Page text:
Wednesday, May 6, 2020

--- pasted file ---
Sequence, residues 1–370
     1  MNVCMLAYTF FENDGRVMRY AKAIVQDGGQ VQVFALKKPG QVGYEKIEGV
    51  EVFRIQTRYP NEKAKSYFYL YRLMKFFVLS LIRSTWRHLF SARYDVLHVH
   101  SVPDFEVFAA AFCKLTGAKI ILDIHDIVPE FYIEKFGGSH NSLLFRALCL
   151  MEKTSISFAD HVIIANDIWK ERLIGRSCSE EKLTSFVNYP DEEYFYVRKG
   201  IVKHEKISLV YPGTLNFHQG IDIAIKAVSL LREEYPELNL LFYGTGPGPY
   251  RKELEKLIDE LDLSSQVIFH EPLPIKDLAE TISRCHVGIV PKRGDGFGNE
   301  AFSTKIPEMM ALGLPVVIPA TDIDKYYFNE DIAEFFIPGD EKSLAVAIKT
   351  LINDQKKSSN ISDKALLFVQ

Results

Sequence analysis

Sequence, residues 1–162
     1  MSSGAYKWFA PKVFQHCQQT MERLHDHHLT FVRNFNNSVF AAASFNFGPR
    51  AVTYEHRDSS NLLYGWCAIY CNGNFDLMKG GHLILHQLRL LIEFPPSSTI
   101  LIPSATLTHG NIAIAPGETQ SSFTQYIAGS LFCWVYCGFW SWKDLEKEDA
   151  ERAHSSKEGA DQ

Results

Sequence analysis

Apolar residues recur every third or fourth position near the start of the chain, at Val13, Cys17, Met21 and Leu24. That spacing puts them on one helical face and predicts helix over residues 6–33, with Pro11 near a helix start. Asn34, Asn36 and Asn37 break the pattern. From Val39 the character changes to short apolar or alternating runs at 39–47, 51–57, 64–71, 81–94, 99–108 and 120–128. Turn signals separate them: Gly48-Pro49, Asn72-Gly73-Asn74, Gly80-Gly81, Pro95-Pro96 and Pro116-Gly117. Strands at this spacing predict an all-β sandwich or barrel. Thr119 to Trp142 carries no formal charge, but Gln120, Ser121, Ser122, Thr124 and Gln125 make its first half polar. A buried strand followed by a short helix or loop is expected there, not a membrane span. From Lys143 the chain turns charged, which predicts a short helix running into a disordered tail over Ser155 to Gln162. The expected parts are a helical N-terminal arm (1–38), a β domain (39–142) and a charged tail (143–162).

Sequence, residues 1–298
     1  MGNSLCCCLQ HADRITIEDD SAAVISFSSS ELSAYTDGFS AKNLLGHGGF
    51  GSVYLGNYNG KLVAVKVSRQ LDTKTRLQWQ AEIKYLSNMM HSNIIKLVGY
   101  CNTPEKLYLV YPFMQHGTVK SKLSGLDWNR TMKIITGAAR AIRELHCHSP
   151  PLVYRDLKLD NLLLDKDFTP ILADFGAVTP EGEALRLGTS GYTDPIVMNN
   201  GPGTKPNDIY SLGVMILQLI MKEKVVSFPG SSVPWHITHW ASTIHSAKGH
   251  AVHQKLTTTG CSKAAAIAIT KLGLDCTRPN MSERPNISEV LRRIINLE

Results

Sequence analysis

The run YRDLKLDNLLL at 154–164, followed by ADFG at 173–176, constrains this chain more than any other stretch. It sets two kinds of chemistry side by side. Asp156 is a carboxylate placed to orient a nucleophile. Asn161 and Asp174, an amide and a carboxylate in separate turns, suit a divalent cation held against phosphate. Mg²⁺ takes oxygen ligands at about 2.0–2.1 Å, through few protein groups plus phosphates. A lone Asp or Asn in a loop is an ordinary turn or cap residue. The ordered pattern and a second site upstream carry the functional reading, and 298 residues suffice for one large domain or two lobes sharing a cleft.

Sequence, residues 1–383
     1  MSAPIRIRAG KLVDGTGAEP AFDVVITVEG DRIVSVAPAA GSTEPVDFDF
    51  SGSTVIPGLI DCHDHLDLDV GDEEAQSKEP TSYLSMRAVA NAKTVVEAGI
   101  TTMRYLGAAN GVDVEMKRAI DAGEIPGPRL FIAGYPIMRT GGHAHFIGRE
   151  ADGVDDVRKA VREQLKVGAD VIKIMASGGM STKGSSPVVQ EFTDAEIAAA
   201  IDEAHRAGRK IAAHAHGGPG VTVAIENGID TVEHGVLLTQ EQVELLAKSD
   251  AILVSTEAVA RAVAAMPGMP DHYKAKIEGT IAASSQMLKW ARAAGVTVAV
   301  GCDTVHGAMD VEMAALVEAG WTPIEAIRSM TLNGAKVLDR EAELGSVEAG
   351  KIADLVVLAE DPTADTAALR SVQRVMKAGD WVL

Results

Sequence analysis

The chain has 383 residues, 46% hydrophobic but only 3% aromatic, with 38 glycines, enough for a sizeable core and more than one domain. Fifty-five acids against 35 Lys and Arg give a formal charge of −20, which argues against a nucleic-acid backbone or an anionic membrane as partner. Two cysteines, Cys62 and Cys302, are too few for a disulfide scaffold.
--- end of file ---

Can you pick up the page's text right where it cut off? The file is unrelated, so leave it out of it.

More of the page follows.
Mahatma Gandhi And The Indian Independence Movement